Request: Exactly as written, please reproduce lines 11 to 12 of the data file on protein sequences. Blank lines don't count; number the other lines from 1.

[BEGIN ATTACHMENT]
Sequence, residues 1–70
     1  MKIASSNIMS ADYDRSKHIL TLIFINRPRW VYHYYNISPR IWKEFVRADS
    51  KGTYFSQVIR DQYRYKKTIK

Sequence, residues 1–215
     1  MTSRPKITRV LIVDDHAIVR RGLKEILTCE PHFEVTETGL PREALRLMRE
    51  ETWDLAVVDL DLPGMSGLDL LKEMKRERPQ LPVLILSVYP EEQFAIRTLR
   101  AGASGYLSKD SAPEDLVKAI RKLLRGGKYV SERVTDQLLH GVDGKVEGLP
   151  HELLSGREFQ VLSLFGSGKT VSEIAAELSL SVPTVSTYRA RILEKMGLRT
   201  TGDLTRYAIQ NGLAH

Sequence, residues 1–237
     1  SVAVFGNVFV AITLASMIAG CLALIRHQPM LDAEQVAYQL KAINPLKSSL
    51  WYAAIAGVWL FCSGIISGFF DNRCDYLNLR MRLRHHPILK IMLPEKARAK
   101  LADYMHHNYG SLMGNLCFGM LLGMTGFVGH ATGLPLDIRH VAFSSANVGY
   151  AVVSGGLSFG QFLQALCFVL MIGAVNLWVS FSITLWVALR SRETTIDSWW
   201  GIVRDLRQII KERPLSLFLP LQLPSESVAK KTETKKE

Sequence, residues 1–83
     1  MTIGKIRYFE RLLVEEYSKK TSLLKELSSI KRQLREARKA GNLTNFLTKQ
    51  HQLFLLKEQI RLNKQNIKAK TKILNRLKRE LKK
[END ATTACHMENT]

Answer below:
     1  SVAVFGNVFV AITLASMIAG CLALIRHQPM LDAEQVAYQL KAINPLKSSL
    51  WYAAIAGVWL FCSGIISGFF DNRCDYLNLR MRLRHHPILK IMLPEKARAK